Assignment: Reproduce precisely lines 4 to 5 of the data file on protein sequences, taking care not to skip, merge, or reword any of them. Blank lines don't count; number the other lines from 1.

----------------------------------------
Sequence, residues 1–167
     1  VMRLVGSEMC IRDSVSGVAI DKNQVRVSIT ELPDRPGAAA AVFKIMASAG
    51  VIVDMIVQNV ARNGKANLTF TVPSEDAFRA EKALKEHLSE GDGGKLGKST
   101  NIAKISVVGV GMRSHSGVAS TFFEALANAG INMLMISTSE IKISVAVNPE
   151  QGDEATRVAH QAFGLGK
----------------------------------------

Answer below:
   101  NIAKISVVGV GMRSHSGVAS TFFEALANAG INMLMISTSE IKISVAVNPE
   151  QGDEATRVAH QAFGLGK